I planned to go out at 4:45min/km pace and build up after about 3kms. This worked for me last year when I got my PB of 1:32:20. There was a northerly wind, but it wasn’t strong at this stage and I hoped that it would stay that way. I watched everyone passing me at the start, I was secretly judging them all and feeling smug that I would pass them later on. I have to think this way as a deliberate tactic so that I don’t get caught up in the race start.
After about 3km I put my foot down and start to pass all those who had gone out too fast and then set my sights on picking off people one by one. I passed through the 5km mark in 23mins and then half way in 48mins. So I was on track and speeding up. I told myself that now was the time to dig in a bit deeper, get the negative split and get home under 1:35hrs.
But the weather had a different idea and when I came back around Evans Bay I was taken back at how strong the wind was! I tried to catch up to people and run with a group, but every time I drew level the person would sprint away. Then I would catch up again and we would repeat this game. Come people, lets work together and we will all be faster! By the time I came back around past Freyberg Pool I was fading and was just holding on.
On a positive note, I was practicing eating my Clif Shot Bloks at pace and I didn’t get the stitch.
I forced my way up the ramp onto the Westpac Stadium concourse and tried for that sprint finish despite the wind forcing me back.
1:37hrs later I crossed the line, missing the rain, but it was a much harder run that I had originally thought it would be. My calves are still recovering! However, hopefully I got some good heart rate readings and fingers crossed for when I get the results later this week.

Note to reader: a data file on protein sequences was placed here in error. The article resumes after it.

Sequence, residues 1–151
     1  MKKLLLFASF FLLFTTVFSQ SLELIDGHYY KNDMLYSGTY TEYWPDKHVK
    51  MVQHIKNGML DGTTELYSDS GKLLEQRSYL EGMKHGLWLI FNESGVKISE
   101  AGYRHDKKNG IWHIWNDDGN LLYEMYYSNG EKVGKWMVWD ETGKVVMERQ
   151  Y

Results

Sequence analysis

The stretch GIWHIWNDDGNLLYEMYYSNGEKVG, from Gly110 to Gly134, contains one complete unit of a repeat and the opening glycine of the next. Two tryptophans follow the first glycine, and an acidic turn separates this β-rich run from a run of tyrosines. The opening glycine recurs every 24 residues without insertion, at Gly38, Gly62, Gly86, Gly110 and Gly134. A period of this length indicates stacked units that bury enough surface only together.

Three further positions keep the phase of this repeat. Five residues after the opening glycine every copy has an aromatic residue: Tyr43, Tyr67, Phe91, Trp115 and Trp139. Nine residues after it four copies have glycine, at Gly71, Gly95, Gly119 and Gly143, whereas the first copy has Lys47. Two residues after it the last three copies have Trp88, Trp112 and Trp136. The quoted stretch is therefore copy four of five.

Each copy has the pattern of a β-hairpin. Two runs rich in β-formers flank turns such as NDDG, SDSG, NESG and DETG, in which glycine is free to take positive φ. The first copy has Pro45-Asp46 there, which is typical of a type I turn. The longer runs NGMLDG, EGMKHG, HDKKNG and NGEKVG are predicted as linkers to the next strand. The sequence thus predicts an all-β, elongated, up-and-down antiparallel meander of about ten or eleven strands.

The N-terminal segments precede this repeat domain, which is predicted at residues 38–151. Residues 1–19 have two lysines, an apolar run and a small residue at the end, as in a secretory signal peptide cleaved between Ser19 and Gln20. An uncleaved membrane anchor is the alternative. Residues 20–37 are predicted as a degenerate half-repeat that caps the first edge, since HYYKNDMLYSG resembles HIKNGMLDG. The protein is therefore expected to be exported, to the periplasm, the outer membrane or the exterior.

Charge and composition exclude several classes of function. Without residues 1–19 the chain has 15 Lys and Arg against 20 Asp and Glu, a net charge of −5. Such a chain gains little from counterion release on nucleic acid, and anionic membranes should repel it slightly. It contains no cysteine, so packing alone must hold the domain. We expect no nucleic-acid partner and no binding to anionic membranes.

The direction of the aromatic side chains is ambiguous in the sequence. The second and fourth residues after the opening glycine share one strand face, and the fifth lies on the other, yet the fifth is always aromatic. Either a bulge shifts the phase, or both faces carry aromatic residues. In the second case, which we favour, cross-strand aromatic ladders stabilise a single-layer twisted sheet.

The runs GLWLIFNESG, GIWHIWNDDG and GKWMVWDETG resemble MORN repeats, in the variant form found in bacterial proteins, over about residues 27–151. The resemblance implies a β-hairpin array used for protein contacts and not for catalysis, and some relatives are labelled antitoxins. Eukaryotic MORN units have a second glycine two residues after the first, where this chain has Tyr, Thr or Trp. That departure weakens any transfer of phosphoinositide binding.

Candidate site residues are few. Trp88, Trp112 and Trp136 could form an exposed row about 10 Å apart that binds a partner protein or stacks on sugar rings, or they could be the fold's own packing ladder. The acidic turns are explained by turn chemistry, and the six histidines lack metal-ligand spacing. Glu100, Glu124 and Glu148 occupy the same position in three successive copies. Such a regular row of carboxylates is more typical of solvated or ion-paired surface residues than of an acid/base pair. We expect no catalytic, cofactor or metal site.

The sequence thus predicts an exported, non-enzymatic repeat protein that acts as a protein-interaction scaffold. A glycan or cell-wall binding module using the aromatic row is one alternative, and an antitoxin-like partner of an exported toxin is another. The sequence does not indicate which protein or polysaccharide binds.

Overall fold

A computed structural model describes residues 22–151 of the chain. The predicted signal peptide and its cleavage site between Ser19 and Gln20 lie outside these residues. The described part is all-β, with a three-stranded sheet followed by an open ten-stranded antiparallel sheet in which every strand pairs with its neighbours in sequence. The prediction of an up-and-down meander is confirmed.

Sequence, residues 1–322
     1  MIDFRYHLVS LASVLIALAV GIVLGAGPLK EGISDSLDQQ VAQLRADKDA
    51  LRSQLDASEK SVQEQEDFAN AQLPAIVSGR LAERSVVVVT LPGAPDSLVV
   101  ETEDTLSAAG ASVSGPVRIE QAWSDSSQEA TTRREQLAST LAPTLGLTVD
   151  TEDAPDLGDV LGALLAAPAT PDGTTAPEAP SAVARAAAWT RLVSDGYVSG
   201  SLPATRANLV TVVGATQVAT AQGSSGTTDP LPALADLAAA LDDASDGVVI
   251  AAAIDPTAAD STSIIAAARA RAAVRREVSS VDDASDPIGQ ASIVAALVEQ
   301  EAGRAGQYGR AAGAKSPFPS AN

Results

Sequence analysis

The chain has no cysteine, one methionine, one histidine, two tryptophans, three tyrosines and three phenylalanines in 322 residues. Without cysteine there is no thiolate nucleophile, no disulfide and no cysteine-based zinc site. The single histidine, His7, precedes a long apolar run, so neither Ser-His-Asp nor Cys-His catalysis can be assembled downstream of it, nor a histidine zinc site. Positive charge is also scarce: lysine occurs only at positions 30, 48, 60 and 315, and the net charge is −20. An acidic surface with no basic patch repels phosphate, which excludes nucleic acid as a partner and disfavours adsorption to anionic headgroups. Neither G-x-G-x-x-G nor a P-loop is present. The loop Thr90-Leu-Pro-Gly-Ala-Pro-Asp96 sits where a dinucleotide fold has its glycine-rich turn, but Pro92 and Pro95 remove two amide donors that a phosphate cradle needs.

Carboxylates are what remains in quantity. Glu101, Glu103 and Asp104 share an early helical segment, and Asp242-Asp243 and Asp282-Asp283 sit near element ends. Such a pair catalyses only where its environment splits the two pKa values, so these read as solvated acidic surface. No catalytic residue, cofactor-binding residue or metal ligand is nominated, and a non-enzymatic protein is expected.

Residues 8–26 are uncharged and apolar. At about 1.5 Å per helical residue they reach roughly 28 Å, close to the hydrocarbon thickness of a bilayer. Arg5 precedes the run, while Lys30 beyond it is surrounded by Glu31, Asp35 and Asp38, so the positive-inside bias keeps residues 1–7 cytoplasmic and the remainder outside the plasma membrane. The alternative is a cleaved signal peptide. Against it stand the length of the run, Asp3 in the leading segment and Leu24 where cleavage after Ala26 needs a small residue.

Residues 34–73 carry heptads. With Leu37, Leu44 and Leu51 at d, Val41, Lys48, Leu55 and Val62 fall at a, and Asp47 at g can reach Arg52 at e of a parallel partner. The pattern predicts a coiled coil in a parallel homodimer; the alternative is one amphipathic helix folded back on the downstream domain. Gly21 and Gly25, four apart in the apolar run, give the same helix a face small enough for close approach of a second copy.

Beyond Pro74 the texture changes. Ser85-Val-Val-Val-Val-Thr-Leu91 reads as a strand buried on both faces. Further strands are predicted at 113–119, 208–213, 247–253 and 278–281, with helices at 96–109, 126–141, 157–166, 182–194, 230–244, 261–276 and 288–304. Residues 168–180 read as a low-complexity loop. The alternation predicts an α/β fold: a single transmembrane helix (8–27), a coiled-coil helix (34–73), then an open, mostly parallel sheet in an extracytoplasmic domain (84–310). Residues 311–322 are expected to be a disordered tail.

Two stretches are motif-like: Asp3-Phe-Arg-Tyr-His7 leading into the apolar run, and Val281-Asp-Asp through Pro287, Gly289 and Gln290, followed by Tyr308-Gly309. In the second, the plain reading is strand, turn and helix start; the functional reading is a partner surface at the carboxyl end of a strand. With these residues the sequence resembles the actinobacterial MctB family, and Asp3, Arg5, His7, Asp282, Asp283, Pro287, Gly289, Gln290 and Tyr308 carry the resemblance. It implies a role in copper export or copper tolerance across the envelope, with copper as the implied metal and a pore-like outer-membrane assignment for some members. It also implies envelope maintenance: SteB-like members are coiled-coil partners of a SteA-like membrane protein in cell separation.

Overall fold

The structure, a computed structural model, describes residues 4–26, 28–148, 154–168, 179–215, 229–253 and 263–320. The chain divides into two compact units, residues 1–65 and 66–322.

Even on Tuesday, back at the gym my muscles were still feeling the effects of the weekend. I had to shoot a ball into a target during my personal training session at Results Room and for every miss I had to do a sled push length of the gym (my trainer did this because I had been complaining about doing deadlifts every week). Whatever, that’s not that hard – well it is when you miss a few! This drained all the strength out of my legs, but there is no (complete) rest when training for an Ironman! In saying that, I secretly loved it! I’m a big fan of the sweaty gym sessions as they make me feel like I have really worked out.
I was also channeling The Rock at the time. I have downloaded The Rock Clock so I can wake to the docile tones of The Rock signing “Good morning sunshine” to me. He then gives a daily motivational quote and picture – usually a ripped gym-going photo.
Guns guns guns guns (from The Rock’s Instagram)
Sweet dreams everyone. Less than 8 hours to go before The Rock wants me to get up and train for Kona – what did I tell you, no rest for me!